Grenell Pursued Talks Over Change of Power in Venezuela

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WASHINGTON — Richard Grenell, a close Trump ally who has served numerous roles in the administration, quietly embarked on a pre-election mission last month that was at least partly intended to persuade President Nicolás Maduro of Venezuela to give up power.

Mr. Grenell, a vocal and combative supporter of President Trump’s re-election campaign, met near Mexico City on Sept. 17 with Jorge Rodríguez, a former Venezuelan vice president and close ally of Mr. Maduro, to facilitate a peaceful transition of power, a White House official said.

Had Mr. Maduro agreed to stand down, it could have been a major foreign policy victory for Mr. Trump in the weeks before the election. But there is no evidence that Mr. Grenell’s trip had any effect, and it was not clear why Mr. Maduro, a socialist strongman who has maintained power despite international opposition, would suddenly consider stepping down.

The trip, which was reported by Bloomberg News on Wednesday night, caught the State Department and even some White House officials off guard and created confusion about its purpose.

In July, Mr. Trump traveled to Florida to reaffirm his opposition to Mr. Maduro and other socialist governments in Latin America. He accused his Democratic rival, former Vice President Joseph R. Biden Jr., of supporting “pro-Communist policies” across Latin America in what was seen as an effort to shore up his faltering support among Latinos in the state.

One senior administration official said Mr. Grenell’s meeting with Mr. Rodriguez sidestepped established diplomatic channels to secure a foreign policy victory for the president before the election. The official spoke on the condition of anonymity to discuss the internal discussions.

In the closing months of the presidential campaign, Mr. Trump has sought to showcase his work on the international stage, including freeing American hostages in Yemen, sealing a landmark peace accord between Israel and the United Arab Emirates and Bahrain, and promising to withdraw U.S. troops from Iraq and Afghanistan. He has also been seeking a new nuclear arms deal with Russia.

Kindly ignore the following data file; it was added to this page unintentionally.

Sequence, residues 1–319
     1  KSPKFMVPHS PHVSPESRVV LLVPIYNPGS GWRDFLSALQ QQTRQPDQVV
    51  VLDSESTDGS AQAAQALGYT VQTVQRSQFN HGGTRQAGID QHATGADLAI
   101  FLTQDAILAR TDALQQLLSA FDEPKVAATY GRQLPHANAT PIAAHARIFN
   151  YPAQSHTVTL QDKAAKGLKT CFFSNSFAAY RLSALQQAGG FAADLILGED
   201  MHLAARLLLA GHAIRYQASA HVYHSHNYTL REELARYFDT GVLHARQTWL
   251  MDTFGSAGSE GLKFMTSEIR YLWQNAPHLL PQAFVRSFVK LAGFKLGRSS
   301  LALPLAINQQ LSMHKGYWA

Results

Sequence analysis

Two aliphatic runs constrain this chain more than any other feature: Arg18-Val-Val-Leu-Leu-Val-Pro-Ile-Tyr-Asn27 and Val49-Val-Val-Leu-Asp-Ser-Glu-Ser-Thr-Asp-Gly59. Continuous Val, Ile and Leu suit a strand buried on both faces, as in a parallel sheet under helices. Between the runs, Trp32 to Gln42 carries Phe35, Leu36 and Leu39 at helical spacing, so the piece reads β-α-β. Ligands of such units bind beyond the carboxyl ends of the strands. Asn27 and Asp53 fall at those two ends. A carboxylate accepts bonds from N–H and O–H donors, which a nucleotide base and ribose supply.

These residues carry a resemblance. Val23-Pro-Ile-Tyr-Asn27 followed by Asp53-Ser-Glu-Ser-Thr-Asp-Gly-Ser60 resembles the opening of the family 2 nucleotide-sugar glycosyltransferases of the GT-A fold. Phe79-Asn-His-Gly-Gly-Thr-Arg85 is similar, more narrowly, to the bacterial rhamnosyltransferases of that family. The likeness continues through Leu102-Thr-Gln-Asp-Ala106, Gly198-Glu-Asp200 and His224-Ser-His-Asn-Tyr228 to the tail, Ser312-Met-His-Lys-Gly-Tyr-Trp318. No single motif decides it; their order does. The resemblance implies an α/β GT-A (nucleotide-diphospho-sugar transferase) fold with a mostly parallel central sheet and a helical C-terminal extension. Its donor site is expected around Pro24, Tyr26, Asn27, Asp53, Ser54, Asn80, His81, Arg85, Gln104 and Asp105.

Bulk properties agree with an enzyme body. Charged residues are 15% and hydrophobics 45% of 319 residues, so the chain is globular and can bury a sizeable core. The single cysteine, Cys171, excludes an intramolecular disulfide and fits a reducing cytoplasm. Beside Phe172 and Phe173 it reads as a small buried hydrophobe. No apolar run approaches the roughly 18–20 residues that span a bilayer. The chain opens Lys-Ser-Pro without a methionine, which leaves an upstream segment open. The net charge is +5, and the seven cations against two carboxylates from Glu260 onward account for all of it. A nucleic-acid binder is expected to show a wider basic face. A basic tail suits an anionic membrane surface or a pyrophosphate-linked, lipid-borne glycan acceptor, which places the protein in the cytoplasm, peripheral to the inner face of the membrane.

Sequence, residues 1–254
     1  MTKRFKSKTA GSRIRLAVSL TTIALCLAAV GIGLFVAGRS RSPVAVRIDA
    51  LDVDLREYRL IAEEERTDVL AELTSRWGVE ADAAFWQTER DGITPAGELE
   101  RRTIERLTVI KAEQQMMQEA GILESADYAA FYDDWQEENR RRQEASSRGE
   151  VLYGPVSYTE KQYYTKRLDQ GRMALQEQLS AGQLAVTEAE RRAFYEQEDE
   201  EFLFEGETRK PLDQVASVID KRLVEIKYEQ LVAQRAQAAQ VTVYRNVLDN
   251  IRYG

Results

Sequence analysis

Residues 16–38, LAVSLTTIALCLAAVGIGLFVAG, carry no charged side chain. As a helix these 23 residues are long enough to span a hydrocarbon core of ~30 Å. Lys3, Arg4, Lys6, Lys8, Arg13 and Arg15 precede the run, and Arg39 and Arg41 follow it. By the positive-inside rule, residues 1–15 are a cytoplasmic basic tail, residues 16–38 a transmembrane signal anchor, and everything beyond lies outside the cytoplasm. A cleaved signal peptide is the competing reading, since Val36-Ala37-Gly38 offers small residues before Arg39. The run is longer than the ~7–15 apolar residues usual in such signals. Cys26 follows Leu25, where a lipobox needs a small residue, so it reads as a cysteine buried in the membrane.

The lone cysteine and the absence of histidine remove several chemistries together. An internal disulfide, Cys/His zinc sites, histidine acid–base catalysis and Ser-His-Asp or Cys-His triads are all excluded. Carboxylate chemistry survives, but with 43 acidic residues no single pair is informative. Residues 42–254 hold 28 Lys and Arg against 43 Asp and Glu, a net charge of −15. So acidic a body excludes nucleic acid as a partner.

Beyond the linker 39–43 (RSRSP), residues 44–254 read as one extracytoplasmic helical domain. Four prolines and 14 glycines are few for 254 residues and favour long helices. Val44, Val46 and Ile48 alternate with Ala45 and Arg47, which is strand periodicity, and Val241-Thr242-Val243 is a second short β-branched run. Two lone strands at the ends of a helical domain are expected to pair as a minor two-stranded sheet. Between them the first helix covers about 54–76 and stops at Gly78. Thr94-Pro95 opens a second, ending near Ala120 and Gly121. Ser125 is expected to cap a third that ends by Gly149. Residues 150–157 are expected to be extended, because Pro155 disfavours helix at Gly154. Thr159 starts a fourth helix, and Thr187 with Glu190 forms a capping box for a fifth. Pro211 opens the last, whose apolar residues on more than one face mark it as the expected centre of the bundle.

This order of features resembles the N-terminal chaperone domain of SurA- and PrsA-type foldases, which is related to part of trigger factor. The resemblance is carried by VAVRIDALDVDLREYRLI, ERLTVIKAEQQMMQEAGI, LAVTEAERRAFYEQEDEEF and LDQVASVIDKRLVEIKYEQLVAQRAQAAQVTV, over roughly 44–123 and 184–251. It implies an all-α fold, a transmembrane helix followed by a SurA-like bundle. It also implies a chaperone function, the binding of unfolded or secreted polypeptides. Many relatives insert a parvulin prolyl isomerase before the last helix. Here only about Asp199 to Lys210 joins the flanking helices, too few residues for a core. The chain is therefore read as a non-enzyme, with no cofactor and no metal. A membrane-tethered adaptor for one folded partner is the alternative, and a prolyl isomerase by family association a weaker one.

Mr. Grenell, who had served as Mr. Trump’s ambassador to Germany and the acting director of national intelligence, was involved in another recent effort to broker a major international deal. He was named special envoy for peace talks between Serbia and Kosovo late last year, even though the State Department already had a special envoy to the region.

His brash style and partisan background ruffled feathers among some of those he worked with in the roles.

Mr. Grenell’s trip to Mexico City surprised senior administration officials, including Secretary of State Mike Pompeo. At the State Department, officials scrambled to learn the details of the trip after being asked about it by reporters, with some worrying that it could confuse Mr. Guaidó about the American diplomacy and fuel concerns that the Trump administration was not forthcoming about its strategy.

It also revealed a divide between the White House and the State Department, where officials have long denied that the Trump administration was growing frustrated with Mr. Guaidó and the stalemate in Venezuela as Washington issued blistering economic sanctions against Mr. Maduro’s government and its loyalists.



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